The much awaited ‘Special 301’ report from the Office of the United States Trade Representative (USTR), detailing the results of the annual review of the state of intellectual property rights (IPR) protection and enforcement in the trading partners of the US, identifies India as a “priority watch” country. These reviews began in 1989 after the enactment of the Omnibus Foreign Trade and Competitiveness Act of 1988. Special 301 provisions of this Act authorises the USTR to identify annually the countries whose failure to protect intellectual property is the most onerous and has the greatest adverse impact on US products and those that are not making significant progress in providing adequate and effective protection of intellectual property rights (IPRs). The USTR has the rights to retaliate against any country if it “refused to reform its practices satisfactorily”.
Justifying the inclusion of India as a PWC, the USTR report observes that serious difficulties in attaining constructive engagement on issues of concern to the US and other stakeholders have contributed to India’s challenging environment for IPR protection and enforcement. Similar concerns have been expressed in respect of 9 other countries, including China, Brazil, Russia and Thailand, but India has been singled out for out-of-cycle review. This review will be initiated in the fall of 2014 and implies that the USTR intends to put further pressure on India to change its intellectual property laws to suit the interests of the US business.
The report states that protection and enforcement challenges involving various forms of intellectual property are growing in India and these include piracy of copyrighted material and counterfeiting of trademarks. However, the most serious of the problems, according to the USTR, had arisen in the area of patents, where India has restricted the enjoyment of their rights by the patent-holders.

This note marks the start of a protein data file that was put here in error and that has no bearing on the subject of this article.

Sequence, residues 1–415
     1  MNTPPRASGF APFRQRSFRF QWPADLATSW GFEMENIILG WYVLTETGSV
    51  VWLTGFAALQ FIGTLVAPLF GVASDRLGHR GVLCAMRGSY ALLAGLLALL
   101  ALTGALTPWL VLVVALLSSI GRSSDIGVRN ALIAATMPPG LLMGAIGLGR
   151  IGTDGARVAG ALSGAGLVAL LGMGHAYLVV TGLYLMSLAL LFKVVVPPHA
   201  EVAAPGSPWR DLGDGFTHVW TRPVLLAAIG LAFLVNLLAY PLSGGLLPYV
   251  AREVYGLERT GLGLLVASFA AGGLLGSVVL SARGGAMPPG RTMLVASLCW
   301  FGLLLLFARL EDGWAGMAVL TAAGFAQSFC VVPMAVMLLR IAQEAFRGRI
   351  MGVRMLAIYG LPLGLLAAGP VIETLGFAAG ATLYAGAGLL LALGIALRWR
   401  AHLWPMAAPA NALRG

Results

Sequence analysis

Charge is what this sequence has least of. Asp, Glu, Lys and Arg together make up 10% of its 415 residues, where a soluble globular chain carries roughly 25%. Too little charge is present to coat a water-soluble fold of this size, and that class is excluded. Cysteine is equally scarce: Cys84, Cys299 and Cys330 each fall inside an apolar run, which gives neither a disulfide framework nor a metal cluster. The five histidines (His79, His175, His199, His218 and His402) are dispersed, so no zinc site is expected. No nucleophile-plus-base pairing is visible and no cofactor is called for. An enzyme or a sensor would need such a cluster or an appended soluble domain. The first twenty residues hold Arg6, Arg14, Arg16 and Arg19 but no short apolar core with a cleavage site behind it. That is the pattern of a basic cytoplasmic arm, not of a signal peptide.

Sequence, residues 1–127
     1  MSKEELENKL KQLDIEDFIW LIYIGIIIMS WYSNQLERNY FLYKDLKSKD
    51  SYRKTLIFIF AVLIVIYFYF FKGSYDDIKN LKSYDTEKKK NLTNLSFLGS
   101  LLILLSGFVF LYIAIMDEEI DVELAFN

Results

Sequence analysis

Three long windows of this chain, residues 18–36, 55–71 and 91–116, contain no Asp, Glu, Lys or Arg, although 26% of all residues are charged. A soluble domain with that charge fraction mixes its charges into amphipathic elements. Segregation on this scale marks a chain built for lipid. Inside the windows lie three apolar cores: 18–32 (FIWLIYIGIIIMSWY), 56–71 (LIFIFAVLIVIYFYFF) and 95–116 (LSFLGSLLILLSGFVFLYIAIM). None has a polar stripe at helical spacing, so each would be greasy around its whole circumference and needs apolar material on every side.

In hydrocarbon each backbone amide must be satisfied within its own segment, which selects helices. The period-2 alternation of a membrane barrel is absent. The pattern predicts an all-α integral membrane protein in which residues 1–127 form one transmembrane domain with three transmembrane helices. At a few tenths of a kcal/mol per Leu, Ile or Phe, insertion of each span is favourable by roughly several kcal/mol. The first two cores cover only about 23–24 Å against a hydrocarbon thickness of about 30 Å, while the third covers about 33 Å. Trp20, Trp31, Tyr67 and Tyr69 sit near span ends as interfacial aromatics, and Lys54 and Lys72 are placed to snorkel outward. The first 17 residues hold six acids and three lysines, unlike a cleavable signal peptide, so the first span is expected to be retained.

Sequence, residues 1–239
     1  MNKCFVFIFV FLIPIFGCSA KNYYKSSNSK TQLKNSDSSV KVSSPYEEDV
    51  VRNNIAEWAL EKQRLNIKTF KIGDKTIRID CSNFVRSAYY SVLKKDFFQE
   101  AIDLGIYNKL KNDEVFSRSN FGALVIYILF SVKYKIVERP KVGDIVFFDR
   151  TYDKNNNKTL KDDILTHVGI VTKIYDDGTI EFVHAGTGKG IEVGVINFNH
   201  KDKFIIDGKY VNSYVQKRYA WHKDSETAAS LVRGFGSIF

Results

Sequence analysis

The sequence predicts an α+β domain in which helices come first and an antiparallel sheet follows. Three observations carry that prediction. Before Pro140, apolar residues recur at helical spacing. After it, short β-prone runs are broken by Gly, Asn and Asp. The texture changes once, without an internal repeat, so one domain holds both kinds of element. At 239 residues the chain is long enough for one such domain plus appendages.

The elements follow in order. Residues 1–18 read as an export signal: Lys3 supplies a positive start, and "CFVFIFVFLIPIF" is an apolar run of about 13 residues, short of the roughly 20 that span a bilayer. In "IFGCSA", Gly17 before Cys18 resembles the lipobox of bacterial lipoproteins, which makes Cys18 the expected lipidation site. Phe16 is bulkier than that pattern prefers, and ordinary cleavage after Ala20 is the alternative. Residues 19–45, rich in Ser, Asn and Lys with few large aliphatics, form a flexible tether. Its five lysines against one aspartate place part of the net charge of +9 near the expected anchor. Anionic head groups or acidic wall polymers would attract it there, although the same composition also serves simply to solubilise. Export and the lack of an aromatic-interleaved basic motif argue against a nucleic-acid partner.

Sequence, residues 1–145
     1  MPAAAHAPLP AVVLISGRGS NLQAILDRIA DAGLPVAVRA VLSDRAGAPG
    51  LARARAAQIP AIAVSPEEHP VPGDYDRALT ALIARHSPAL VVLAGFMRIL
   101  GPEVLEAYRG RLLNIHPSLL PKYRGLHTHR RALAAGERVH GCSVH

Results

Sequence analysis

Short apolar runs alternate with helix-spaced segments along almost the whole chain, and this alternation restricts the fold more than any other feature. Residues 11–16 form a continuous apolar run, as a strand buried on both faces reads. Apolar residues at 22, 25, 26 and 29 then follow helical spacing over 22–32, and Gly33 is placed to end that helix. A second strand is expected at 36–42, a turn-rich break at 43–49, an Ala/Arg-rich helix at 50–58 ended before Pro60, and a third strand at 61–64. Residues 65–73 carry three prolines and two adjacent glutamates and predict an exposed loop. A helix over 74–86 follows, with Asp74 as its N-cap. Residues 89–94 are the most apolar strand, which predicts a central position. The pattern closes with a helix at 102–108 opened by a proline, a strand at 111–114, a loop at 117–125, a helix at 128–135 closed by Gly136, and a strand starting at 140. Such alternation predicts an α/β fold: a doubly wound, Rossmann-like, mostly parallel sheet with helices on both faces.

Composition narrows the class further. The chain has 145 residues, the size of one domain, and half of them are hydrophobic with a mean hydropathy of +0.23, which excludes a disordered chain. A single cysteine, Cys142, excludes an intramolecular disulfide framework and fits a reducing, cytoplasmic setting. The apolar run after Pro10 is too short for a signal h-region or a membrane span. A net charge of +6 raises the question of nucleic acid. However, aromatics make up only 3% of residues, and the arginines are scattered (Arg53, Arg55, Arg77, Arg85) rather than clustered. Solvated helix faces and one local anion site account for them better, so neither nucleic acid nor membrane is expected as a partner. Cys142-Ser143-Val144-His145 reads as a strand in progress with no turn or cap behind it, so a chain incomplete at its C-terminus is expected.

It is instructive to consider the cases where India has “restricted” the rights of the patent-holders. The first of these arose in 2012 when the Comptroller General of Patents granted a compulsory licence to an Indian firm, Natco to produce an anti-cancer drug (Nexavar) in India, the patent for which was owned by the German firm, Bayer. Natco was granted the licence as the patent-owner was charging an abnormally high price (R2.8 lakh for a month’s dose). Under the terms of the licence, Natco was directed to provide a month’s supply of
Nexavar for R8,800 and to pay Bayer a royalty of 7% on the sales turnover of the drug.
The second is the judgment passed last year by the Supreme Court. The apex court struck down the application of Novartis AG for the grant of patent on the anti-cancer drug, Gleevec. The key message the judges conveyed through their ruling is that minor modifications of proprietary products does not qualify for the grant of patent rights. By doing so they endorsed the provisions of section 3(d) of the Indian Patents Act. The ruling allowed generic firms to market their version of the medicine at a price 15 times lower than that charged by Novartis, and was hailed as an important step in putting the interests of consumers ahead of the profits of the big pharmaceutical firms.
In its Special 301 report, the USTR had highlighted the use of compulsory licensing system by India, which, as mentioned above, has been used once to curb the excessive rent-seeking on the part of Bayer. The Indian authorities had to intervene in this market since Bayer’s avarice was leaving the patients in India without access to a life-saving drug. It must be pointed out that since 2000, there have been several instances where governments around the world, including that of the US, had to issue compulsory licences to safeguard the interests of the patients. One study shows that between 2000 and 2012, there are 24 cases of compulsory licensing, including the one issued by the US to make the antibiotic, ciprofloxacin, available to the patients in the aftermath of the anthrax outbreak in 2001. India, like the US, has used compulsory licensing provisions only once, but there are several other countries, including Brazil and Thailand who have used this instrument quite frequently, but have not been picked up for “naming and shaming” in the Special 301 report.
The author is director general, Research and Information System for Developing Countries